Employee Poster Laws for Small Businesses

Are you displaying and updating the right employee posters at your business?

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A list of commonly required workplace posters — and the employers who need to post them

Your employees have certain legal rights in the workplace — and it’s your job to keep them up to speed.

As a small employer, you must inform your employees of their employment rights by displaying  posters in the workplace. Some posters must be provided to job applicants as well.

However, which posters you should display might not be readily apparent — because workplace posters are regulated by federal, state, and local governments. Additionally, each poster has its own criteria, including which employers should comply.

You must not only display the right posters but also update them to reflect relevant changes in the law. (It’s not uncommon for employers to display posters, but then neglect to update them when mandatory changes occur.) Failure to post and update posters may trigger penalties, which can be stringent, depending on the type of poster.

To help you stay in compliance, we prepared a list of commonly required workplace posters and the private sector employers who are required to post.

Federal Workplace Posters

Type of Poster Purpose Who Must Post
Fair Labor Standards Act (FLSA) Minimum Wage The FLSA establishes federal minimum wage, overtime, child labor, and recordkeeping laws. The FLSA Minimum Wage poster informs employees of their rights under the FLSA. All employers with employees who are subject to the FLSA. Note: The vast majority of businesses (large and small) in the United States must comply with the FLSA.
Job Safety and Health: It’s the Law!, Occupational Safety and Health Act (OSHA) OSHA sets minimum standards that employers must meet to ensure a safe and healthful workplace. The Job Safety and Health poster informs employees of their rights under OSHA. All employers who are covered by OHSA. Only a few employers are exempt from these standards.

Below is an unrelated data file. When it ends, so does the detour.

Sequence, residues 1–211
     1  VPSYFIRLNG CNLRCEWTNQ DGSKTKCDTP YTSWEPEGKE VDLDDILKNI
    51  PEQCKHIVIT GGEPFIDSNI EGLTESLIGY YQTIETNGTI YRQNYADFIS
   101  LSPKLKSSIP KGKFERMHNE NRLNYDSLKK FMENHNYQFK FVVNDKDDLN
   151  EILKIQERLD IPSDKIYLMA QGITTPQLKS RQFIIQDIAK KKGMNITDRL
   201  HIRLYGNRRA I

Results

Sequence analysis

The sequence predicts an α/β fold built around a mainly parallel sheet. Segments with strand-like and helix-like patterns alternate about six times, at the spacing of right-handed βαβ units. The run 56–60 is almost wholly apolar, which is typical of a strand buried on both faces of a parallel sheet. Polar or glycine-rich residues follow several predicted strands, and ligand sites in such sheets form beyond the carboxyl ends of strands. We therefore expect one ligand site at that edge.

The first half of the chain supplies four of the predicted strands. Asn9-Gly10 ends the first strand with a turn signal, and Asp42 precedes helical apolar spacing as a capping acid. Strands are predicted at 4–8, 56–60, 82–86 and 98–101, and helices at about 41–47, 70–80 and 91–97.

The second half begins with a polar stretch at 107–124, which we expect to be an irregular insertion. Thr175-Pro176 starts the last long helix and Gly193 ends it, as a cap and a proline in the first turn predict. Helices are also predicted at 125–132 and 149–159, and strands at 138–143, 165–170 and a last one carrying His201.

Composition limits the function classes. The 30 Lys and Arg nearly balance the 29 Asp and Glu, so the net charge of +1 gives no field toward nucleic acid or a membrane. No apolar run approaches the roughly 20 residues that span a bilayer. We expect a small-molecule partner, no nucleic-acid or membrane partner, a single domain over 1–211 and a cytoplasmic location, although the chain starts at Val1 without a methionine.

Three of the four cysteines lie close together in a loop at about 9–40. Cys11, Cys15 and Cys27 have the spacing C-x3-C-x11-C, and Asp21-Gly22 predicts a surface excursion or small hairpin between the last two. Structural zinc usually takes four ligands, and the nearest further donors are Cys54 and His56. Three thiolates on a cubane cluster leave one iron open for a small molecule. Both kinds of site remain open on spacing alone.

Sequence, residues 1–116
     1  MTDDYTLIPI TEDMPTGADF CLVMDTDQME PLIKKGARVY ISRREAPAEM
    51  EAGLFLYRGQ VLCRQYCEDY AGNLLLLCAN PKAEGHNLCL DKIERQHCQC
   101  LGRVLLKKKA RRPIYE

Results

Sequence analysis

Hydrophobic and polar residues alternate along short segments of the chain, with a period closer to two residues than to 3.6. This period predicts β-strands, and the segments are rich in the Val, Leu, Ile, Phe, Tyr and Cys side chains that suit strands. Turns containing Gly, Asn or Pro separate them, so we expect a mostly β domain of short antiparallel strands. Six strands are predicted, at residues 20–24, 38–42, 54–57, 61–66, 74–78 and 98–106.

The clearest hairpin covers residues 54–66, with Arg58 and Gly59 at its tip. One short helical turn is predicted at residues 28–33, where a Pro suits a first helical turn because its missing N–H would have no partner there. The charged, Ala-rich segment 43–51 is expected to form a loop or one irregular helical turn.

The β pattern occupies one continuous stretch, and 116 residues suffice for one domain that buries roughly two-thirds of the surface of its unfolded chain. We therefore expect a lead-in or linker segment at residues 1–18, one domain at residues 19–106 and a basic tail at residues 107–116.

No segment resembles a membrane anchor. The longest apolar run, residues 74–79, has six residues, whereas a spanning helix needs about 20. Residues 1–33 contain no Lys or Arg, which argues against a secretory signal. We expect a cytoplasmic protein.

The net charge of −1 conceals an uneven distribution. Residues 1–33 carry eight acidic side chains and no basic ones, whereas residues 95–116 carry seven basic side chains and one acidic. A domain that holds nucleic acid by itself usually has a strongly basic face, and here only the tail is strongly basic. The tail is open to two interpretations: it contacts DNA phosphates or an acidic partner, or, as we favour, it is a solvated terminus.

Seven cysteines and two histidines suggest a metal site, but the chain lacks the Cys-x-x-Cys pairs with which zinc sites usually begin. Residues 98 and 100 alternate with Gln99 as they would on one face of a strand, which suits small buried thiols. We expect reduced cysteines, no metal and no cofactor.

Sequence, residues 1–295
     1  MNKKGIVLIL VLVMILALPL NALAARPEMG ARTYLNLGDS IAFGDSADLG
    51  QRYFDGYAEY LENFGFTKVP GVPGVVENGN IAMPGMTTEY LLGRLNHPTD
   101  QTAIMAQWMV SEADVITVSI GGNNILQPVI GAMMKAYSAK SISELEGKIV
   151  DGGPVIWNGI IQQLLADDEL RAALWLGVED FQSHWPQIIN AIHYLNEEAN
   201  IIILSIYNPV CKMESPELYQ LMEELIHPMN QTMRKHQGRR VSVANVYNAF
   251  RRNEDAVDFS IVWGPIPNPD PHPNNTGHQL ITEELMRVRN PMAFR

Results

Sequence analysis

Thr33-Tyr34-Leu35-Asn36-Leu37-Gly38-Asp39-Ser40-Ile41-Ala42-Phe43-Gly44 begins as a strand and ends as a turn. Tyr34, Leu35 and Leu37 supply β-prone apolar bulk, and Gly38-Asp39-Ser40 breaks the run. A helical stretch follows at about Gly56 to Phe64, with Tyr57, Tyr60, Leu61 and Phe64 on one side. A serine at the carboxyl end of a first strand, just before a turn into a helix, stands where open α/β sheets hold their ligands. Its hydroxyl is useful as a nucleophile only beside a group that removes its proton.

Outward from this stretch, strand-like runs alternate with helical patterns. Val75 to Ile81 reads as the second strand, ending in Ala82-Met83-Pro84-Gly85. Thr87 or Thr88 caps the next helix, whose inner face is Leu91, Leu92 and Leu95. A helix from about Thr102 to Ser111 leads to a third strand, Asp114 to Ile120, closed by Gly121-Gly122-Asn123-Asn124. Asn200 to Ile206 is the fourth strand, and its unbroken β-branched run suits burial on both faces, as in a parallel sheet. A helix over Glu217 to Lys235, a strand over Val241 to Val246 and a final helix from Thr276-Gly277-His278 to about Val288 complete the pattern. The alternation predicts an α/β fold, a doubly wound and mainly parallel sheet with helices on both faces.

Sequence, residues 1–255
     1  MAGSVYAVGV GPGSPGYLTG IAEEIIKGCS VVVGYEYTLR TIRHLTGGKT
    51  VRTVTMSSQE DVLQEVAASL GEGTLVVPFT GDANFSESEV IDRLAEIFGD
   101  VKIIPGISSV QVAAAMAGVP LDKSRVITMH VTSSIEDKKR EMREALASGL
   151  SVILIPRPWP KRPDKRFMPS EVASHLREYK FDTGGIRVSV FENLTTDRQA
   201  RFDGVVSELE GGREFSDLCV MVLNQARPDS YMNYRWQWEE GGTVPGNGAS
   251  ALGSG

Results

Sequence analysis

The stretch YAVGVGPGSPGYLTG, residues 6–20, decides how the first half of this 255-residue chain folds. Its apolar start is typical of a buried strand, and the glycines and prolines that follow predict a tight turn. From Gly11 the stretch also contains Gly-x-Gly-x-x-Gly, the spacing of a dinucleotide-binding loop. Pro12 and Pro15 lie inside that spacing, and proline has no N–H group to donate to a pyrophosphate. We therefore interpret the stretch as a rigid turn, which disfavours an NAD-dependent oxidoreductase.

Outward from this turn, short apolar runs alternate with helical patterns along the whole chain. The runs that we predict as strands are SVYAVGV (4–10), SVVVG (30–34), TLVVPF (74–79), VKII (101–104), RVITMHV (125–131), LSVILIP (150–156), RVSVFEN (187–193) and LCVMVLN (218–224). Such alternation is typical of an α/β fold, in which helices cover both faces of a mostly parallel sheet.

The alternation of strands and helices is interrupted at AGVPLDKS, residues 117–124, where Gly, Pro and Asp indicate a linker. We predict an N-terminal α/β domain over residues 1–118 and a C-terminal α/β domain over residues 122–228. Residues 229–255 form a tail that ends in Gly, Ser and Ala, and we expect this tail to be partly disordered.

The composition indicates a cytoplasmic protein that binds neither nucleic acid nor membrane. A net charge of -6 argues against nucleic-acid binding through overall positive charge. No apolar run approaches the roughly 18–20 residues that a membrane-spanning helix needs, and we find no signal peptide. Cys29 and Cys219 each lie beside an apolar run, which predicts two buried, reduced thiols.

Employee Rights Under the Family and Medical Leave Act (FMLA) The FMLA offers covered employees up to 12 weeks of unpaid, job-protected leave for eligible reasons, such as to care for their newborn or a family member who has a qualifying health condition. The FMLA poster informs employees of their right to FMLA leave. Employers with 50 or more employees who work within a 75-mile radius of the employer’s business location.
Equal Employment Opportunity is the Law, (EEO) Federal EEO laws prohibit employers from discriminating against job applicants and employees on the basis of race, color, national origin, religion, sex, age, pay, disability, and genetic information. The EEO poster summarizes employees’ rights under federal EEO laws. Employers with 15 or more employees.
Employee Rights for Workers with Disabilities Paid at Special Minimum Wages Employers can pay less than the federal minimum wage (also called “subminimum wage”) to disabled employees, if they receive certification/authorization from the DOL’s Wage and Hour Division. The Special Minimum Wages poster informs disabled employees of their rights when paid at the subminimum wage. Employers who have disabled employees who are working under DOL subminimum wage certificates.